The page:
More beautiful roses without spraying
Tattered leaves on roses are common this time of year. We get lot of questions about how to better care for roses, and what to spray to keep roses their best.
When it comes to diseases on roses, black spot is the usual suspect. Pruning to increase air flow through the shrub, ensuring it gets full sun nearly all day, and keeping weeds at bay will go a long way in limiting the disease.
Insects are somewhat more challenging. There are many insects that affect rose leaves.
They require more work to control, as a gardener needs to do more scouting. Being in the garden at different times of day will many times revel the culprit that is damaging the plant leaves.
Many times, though, there is not enough damage to warrant any controls.
When dealing with any issue on our plants, we need to practice integrated pest management (IPM). This involves scouting for the insects, identifying the insects and then choosing control options. Unfortunately, most people associate “control options” with “spraying.” These words are not synonymous.
Control options can be cultural (such as cleaning up plant debris at the end of the season), mechanical (picking off the insects), biological (finding and encouraging the bad insect’s nemesis), and chemical (which includes organic options).
Goals of a good garden IPM program include:
• Effectively manage pest populations;
• Reduce risks associated with pests (allergies, stinging, biting, disease transmission);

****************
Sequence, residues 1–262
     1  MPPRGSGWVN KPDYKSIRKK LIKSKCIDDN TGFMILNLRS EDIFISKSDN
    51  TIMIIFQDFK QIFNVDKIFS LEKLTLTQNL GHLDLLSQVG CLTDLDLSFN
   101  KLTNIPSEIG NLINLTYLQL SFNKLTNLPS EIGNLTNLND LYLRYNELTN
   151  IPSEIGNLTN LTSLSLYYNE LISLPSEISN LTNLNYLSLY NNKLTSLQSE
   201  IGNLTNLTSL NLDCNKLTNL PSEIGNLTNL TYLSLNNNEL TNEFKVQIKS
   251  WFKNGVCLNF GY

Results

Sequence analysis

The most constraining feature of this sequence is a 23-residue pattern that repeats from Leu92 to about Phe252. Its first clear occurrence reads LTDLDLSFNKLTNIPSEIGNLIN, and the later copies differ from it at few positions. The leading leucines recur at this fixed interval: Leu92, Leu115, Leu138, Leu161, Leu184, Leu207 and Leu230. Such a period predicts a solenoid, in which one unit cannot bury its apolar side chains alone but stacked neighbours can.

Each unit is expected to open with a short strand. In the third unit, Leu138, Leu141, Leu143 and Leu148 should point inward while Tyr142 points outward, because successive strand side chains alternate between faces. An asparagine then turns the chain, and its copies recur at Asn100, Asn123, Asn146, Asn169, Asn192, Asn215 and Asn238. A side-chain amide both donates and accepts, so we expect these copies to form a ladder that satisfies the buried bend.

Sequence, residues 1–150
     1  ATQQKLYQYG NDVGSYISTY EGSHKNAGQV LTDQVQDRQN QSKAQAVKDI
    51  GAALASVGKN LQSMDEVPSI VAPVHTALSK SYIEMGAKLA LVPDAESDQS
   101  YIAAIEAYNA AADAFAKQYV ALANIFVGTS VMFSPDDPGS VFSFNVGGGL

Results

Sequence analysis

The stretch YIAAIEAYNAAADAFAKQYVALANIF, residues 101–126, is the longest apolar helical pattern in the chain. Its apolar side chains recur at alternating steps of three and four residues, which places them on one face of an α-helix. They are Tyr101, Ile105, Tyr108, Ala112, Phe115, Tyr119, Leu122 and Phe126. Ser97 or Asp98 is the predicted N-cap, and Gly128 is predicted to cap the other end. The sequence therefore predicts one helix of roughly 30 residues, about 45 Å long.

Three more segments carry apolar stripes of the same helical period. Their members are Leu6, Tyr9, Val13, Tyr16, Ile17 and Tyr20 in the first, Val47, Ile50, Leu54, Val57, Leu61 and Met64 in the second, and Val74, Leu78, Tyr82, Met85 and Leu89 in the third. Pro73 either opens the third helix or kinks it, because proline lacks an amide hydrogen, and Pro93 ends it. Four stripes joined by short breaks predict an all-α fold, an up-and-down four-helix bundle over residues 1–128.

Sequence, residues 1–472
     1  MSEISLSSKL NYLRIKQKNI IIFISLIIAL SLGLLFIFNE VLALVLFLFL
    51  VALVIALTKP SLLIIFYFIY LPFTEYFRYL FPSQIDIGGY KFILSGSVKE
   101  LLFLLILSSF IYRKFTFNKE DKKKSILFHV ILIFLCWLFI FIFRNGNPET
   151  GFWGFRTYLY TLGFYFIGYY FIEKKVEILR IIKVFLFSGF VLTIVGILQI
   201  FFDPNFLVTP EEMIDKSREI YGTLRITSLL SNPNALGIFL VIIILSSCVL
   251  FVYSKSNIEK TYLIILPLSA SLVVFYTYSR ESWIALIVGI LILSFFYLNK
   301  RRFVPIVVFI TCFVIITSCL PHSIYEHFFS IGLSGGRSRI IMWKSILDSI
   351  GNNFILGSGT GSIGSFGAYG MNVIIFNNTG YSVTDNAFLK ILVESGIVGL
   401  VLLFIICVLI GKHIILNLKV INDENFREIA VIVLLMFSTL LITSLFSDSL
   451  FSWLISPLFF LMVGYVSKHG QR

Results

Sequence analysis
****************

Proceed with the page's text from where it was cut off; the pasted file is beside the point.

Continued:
• Reduce the potential exposure of humans to pesticides;
• Educate people about effective pest management;
• Limit potential negative environmental impact;
• Make pest management cost effective.
In the case of rose leaves this year, there were many insects involved. From roseslugs to rose chafers and even Japanese beetles, we had a lot to combat.
The best way to scout for many of these insects is to be up early in the morning to see what is making the holes or go out late with your headlamp on with the red light shining.
Either way, know what insect you are dealing with in the first place.
Japanese beetles can be picked off and dropped in soapy water for effective control. Roseslugs can be controlled by picking off infested leaves.
When it comes to insecticides, reading the label is paramount. To protect the bees, do not spray when pollinators are active. Check for bee activity on flowering plants in the area before you use any chemical.
Avoid contaminating water, as bees use water sources in the area.
Think about why you are spraying, and if there are alternative best practices. Details about protecting bees are on this factsheet: http://go.osu.edu/protectbees
For more information about IPM on roses, visit http://go.osu.edu/roseipm
To learn about bees and pollinators, visit https://u.osu.edu/beelab/
Barrett is OSU Extension educator for agriculture and natural resources in Mahoning County.